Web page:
>>  Eavestroughs - We can't overstate the importance of having free-flowing, leak-free gutters and downspouts to get roof water away from the house and keep it out of the basement. If eavestroughs can't control the rain or melting snow, or if downspouts don't carry water at least six feet away from the home, the ground next to your home will get soaked. Saturated ground usually means a leaky basement. Poor grading is another common and easily-corrected cause of basement leakage. For more information on how to address this issue, check out our article on How Proper Grading Can Prevent Water Damage.

>>  Catch Basins - Make sure any catch basins in your driveway, garage and yard are clear. It's also a great idea to clear any storm grates in the street in front of your house so all that rain and melting snow can get into the storm sewers.

>>  Windows, Doors and Walls - Check your windows and doors for any wood in need of paint, and any joints that need re-caulking. The corners of sills are a common weak point. Check the caulking at pipes, vents and other wall penetrations as part of regular maintenance.

>>  Furnace - Taking care of your furnace is very important, especially in the winter. We recommend annual service plans for heating and cooling systems. If you haven't yet, schedule a heating system maintenance call, even if your system is relatively new. For more information on easy steps you can take to extend the life of your furnace, check out our article on Furnace Maintenance.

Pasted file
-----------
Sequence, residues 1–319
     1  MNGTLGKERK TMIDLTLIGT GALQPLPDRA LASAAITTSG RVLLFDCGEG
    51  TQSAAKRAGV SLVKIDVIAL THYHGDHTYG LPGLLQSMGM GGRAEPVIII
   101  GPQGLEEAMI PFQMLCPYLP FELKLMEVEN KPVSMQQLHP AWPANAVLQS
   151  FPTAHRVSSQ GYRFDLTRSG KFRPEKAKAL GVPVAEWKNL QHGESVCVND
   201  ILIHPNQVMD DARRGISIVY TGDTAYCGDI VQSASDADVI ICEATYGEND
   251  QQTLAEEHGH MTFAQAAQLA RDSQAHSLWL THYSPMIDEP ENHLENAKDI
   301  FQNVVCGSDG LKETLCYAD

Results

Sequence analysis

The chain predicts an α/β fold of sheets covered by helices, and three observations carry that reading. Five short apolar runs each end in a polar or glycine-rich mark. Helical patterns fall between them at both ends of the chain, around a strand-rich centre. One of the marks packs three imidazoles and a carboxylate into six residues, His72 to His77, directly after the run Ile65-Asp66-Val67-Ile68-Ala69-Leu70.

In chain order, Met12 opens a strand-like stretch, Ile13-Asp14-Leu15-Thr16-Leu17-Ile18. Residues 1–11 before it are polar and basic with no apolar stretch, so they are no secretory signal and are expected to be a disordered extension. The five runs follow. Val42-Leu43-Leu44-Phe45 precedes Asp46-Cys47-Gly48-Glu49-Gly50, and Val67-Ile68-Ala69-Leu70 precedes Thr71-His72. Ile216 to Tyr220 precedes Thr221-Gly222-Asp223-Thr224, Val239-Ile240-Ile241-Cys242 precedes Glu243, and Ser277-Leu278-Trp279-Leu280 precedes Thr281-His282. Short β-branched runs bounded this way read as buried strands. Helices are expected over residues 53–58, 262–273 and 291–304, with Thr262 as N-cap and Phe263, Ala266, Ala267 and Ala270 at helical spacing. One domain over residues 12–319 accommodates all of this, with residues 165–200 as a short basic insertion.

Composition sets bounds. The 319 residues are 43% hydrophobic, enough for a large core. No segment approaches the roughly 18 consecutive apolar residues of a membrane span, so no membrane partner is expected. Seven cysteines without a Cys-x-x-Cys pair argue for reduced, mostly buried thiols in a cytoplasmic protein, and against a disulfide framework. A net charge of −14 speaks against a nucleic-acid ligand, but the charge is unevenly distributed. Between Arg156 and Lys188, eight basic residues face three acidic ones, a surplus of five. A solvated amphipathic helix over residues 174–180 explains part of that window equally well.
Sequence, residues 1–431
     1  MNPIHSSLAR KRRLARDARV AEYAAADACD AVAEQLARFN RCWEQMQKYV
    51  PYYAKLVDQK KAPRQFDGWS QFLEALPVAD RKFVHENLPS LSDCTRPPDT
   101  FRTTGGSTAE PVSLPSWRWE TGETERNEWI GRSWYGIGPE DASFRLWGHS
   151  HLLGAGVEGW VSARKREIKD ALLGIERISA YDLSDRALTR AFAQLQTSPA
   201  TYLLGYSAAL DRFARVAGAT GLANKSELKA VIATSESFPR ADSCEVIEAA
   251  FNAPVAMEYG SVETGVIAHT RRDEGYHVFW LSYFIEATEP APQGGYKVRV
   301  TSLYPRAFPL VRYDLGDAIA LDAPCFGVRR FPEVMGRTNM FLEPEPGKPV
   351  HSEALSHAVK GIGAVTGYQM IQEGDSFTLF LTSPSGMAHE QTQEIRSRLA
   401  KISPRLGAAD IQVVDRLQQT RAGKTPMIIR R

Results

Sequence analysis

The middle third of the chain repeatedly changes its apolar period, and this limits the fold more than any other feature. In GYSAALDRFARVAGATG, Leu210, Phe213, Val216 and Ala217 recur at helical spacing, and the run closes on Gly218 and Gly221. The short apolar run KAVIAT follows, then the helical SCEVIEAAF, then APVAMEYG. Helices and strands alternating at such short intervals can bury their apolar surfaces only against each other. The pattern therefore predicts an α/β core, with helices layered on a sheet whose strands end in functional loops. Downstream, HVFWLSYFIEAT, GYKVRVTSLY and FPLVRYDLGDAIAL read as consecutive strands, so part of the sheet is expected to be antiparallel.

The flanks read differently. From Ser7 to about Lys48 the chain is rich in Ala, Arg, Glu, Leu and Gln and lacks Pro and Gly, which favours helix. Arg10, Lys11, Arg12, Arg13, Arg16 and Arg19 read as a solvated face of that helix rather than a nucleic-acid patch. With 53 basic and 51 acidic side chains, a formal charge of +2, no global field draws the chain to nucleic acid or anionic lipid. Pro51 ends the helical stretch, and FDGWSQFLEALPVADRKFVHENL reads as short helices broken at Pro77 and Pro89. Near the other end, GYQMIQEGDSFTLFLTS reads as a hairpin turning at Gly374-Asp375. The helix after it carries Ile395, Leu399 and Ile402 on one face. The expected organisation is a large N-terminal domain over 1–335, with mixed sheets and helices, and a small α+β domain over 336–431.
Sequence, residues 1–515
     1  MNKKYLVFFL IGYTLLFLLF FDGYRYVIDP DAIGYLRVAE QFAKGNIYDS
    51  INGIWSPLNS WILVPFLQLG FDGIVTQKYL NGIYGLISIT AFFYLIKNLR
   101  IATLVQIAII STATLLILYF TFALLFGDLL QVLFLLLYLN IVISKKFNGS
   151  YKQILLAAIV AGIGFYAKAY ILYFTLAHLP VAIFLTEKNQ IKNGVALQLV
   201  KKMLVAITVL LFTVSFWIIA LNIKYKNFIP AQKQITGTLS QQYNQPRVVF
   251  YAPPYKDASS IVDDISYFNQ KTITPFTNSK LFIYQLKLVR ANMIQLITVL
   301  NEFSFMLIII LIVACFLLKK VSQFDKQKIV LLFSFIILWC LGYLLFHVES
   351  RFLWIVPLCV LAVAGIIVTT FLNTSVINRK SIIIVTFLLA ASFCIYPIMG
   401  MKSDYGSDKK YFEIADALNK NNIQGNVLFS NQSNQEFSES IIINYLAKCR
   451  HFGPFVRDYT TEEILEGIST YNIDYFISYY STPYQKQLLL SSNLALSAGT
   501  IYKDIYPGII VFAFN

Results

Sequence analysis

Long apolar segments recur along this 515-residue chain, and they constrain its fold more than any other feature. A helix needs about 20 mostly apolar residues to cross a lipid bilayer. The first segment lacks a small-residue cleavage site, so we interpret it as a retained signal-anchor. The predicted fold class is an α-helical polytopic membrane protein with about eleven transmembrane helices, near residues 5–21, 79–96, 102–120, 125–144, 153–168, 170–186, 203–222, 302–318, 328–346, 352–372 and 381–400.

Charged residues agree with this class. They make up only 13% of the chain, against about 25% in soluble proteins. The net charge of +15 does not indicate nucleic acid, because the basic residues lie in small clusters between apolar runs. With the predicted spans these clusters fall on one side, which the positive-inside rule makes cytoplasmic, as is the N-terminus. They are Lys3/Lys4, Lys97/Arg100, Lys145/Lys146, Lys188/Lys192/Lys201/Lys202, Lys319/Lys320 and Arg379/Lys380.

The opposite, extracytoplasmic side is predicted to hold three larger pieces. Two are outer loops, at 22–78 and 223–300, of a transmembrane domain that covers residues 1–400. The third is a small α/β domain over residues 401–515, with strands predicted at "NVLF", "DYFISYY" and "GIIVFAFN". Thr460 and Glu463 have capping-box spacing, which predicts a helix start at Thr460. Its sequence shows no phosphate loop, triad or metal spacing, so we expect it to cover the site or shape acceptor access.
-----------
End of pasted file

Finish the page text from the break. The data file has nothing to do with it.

November Poll

Last month 30 homeowners told us what area of the home they believed suffered the brunt of winter weather abuse. Here are their responses:

October Graph

The Carson Dunlop Homeowners Association

At Carson Dunlop we want to provide homeowners with the knowledge and the tools to protect their properties, which is why we created the Carson Dunlop Homeowners Association. This not-for-profit program gives clients access to discounts on a variety of products and services. Association partners like Canadian Tire help members maintain and upgrade their homes. Canadian Tire Home Services is pleased to offer Carson Dunlop customers a 5% Canadian Tire 'Money' On The Card bonus when using their Canadian Tire Options MasterCard for the purchase of any heating and/or cooling system from Canadian Tire Home Services. To learn more visit canadiantire.ca/homeservices. Attractive financing options available.